Whether the audience is left admiring the character’s final choice (I didn’t) or lamenting it, the end conclusion is the same: Sgt. Will James is meant to be regarded as a hero.  And this is my main problem with the film, and “anti-war” films in general.  Jingoistic, pro-war films of the John Wayne variety tend to be naked propaganda pieces with a blunt nationalistic message.  Since the Vietnam War, they’ve also been a rare breed as their message would not resonate nearly as well with the more skeptical modern public that doesn’t believe in the existence of such one-dimensional heroes anymore.

On the otherhand, “anti-war” films create a similar, no less heroic image of the modern fighting man through depicting the complexities he faces.  The audience is meant to have more admiration for the protagonists of modern war films because of the increasingly horrific presentations of the conditions that they face and their willingness to confront those conditions.  In the case of Sgt. James’ partners, Sgt. Sanborn and Specialist Eldridge, we admire the soldiers more because, unlike John Wayne, they have real fear yet perservere.  More than that we forgive the seemingly immoral decisions that they make and the often rapid dehumanization of the protagonists (like Sgt James) because of the morally ambiguous atmosphere they find themselves in.  Anti-war films since the Vietnam era have been constantly playing with this neo-Clauswitzian theme that victory in war requires a certain moral laxity on the part of those who fight it and they should therefore be pitied rather than bemoaned for their participation.  There is, however, a marked difference between pitying a subject and glorifying them.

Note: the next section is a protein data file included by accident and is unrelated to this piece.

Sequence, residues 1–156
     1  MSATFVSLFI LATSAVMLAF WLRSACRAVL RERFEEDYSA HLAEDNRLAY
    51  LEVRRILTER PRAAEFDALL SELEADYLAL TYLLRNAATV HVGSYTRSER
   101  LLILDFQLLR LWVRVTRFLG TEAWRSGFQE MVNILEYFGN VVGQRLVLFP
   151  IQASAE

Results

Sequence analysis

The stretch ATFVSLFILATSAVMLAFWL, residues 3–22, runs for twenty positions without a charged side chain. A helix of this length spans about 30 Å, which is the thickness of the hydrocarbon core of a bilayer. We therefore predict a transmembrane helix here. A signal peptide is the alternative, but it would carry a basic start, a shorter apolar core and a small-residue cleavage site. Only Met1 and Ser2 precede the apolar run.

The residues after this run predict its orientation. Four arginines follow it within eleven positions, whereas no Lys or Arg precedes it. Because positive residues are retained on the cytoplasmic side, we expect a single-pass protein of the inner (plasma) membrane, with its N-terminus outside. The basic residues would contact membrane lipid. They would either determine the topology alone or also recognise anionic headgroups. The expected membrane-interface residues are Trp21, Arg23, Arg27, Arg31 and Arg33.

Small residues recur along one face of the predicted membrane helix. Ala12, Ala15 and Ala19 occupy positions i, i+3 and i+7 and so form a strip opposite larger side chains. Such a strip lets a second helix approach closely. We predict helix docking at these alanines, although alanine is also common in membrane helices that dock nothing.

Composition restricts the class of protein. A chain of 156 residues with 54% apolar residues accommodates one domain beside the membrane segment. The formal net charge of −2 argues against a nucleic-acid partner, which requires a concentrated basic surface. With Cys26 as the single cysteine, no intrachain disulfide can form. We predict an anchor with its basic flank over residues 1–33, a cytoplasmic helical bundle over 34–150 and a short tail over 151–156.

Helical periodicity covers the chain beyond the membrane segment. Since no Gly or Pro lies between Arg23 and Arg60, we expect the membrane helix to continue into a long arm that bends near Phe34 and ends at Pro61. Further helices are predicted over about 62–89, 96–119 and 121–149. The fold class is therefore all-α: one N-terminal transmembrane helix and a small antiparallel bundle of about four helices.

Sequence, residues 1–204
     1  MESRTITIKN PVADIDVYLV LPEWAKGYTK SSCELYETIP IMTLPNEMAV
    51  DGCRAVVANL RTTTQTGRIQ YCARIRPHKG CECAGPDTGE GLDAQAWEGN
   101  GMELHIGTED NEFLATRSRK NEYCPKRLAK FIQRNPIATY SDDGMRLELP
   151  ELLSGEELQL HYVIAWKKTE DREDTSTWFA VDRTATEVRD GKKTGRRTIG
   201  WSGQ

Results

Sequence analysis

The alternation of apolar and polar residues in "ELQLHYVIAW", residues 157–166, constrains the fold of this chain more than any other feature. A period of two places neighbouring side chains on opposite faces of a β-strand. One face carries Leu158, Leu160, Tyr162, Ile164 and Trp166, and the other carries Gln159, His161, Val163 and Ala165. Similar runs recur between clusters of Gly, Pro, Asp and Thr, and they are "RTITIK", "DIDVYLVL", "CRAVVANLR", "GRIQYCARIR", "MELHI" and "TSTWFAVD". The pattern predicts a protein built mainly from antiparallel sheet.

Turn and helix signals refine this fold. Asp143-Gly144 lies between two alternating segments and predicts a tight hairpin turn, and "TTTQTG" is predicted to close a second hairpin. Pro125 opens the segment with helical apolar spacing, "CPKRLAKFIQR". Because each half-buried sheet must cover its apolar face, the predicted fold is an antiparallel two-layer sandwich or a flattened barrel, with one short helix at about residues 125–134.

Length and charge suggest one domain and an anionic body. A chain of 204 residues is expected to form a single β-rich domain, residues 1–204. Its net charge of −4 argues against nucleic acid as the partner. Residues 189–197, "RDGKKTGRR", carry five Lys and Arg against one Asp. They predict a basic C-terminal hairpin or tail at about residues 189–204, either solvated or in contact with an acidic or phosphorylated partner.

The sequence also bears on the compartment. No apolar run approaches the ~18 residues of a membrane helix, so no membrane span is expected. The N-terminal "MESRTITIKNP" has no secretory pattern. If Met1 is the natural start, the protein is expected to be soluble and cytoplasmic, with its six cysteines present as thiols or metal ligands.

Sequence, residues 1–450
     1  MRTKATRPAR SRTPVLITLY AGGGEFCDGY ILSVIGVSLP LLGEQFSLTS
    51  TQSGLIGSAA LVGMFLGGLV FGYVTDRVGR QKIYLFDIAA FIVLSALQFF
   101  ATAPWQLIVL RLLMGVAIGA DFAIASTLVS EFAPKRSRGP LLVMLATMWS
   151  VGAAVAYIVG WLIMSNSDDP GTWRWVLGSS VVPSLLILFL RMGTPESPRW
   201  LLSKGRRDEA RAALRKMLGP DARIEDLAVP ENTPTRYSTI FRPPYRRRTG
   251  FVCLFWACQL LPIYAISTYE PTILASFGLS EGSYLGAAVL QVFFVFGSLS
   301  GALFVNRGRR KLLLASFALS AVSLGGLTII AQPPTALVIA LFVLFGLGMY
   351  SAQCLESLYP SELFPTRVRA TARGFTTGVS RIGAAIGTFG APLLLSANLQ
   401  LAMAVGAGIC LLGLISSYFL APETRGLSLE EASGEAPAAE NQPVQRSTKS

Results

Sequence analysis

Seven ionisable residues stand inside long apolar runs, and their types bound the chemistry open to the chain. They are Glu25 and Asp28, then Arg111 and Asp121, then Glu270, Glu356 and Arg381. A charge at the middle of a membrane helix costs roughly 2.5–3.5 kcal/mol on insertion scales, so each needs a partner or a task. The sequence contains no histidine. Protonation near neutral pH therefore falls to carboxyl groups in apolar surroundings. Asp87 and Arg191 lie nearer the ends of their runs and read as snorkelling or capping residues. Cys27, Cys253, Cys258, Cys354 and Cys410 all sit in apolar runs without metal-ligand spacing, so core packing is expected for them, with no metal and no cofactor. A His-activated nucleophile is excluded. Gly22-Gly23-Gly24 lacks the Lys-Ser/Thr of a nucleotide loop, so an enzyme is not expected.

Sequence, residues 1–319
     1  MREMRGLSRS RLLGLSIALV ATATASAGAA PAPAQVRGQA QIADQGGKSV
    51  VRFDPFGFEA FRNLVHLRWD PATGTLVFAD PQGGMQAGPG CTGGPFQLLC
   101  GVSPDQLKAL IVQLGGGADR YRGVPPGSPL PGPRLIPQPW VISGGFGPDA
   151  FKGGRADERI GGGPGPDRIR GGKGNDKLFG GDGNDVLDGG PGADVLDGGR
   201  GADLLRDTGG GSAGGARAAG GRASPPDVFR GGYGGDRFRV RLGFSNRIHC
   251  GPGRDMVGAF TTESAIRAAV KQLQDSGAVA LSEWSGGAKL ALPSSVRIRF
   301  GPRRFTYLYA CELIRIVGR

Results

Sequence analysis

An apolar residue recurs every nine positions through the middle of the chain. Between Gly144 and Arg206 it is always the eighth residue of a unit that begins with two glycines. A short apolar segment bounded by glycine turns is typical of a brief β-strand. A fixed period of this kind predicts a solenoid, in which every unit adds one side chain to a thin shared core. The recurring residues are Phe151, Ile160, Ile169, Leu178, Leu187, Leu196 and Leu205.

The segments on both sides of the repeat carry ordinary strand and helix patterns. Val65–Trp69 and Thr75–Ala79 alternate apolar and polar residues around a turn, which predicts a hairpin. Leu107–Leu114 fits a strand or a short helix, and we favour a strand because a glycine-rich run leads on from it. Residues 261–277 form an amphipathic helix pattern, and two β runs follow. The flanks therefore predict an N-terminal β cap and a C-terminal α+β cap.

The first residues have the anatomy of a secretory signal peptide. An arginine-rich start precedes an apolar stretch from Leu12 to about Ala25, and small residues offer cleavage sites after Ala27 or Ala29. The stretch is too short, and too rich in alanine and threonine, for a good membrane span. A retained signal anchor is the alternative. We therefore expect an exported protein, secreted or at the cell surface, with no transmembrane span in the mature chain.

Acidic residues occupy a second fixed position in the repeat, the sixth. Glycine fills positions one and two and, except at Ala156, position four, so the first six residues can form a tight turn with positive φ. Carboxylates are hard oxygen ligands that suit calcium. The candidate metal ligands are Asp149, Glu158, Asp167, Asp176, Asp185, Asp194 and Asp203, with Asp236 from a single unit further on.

In the end, I feel that “anti-war” movies, by sanctifying soldiers, merely reinforce a culture that makes war permissible.  I fear that this feeling, rather than the technical feats and the visceral experience, will be the lingering impact of a Best Picture win by “The Hurt Locker”.